The United Nations Will Send Its First Mission to Space in 2021

Rendering of Dream Chaser in orbit (Image: Sierra Nevada)
Rendering of Dream Chaser in orbit (Image: Sierra Nevada)

The United Nations just announced a date for its first ever mission to space—and it’s pretty soon.


The U.N. intends to send Sierra Nevada’s Dream Chaser spacecraft, which is currently still in its testing-phase, into a 2-week, low-Earth orbit flight in 2021. Sierra Nevada signed on to partner with the UN in June, but the target date for launch was announced yesterday during a session of the International Astronautical Congress—where Elon Musk also detailed his long-game for sending a whole bunch of humans to Mars.

Exactly what the mission will accomplish remains vague. The United Nations Office for Outer Space Affairs says that any member nation can submit a proposal for a possible payload for the flight, although it’s primarily geared towards countries with no space program of their own.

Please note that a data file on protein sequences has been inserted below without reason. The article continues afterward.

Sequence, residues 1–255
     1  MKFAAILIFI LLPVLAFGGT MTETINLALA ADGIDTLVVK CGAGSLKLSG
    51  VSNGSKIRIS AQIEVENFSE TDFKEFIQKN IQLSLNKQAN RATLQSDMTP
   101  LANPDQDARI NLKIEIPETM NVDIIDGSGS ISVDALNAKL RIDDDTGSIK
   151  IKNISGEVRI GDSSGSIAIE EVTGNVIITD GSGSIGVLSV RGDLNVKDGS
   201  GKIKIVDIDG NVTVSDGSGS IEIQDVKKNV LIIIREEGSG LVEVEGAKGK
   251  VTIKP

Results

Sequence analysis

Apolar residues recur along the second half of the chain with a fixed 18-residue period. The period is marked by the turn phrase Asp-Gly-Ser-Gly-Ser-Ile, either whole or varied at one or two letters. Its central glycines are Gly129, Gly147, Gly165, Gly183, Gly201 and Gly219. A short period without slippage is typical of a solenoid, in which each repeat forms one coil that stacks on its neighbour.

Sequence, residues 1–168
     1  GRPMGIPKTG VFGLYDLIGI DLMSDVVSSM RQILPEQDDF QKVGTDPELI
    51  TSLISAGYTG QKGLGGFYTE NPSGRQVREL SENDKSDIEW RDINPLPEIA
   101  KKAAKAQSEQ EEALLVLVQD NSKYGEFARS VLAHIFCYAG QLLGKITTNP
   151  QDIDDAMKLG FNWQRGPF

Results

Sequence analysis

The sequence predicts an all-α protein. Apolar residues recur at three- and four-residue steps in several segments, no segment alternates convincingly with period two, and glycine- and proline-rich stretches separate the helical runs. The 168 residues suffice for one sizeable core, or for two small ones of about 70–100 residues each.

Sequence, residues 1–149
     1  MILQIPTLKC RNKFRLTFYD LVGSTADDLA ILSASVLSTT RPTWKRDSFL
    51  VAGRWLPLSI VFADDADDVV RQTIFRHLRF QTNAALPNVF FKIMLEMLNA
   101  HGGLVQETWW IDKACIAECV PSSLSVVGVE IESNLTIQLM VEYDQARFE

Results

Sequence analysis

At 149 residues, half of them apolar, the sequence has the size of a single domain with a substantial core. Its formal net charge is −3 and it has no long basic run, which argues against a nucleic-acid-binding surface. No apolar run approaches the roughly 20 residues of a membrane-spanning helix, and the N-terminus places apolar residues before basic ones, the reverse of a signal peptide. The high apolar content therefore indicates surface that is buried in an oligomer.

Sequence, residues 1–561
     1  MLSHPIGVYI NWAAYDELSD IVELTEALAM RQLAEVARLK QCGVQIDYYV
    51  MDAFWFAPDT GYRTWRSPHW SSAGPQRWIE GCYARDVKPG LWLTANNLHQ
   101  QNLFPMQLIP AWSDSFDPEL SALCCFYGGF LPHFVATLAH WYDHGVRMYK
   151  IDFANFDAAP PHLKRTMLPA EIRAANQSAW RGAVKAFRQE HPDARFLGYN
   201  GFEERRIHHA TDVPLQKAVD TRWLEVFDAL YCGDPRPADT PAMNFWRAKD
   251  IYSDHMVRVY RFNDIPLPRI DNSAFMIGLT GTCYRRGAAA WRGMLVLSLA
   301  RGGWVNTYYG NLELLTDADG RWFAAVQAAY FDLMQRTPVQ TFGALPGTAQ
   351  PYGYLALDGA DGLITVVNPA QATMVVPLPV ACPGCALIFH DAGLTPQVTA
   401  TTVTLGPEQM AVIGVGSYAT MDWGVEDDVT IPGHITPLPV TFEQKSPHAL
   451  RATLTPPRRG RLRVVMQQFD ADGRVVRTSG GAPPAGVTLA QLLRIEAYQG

Before we get too excited about another spacecraft heading up, however, there’s still the big question of where the money to launch would come from. The countries whose payloads were selected would pay something for the flight. But UNOOSA also says it’s still looking for “major sponsors” who would be responsible for much of the overall mission cost, with no assurance that it will find them. If that money does come through, though, the first UN space mission will launch just five years from now.

[Motherboard, United Nations Office for Outer Space Affairs]



When the United Nations Office for Outer Space Affairs (UNOOSA!) shuttle first crossed trajectories with the International Space Station (Issy) they had a disagreement over ethical treatment of mission specialist, especially Canadians.

Now UNOOSA and Issy are in a tissy and are rapid firing sanctions at each other.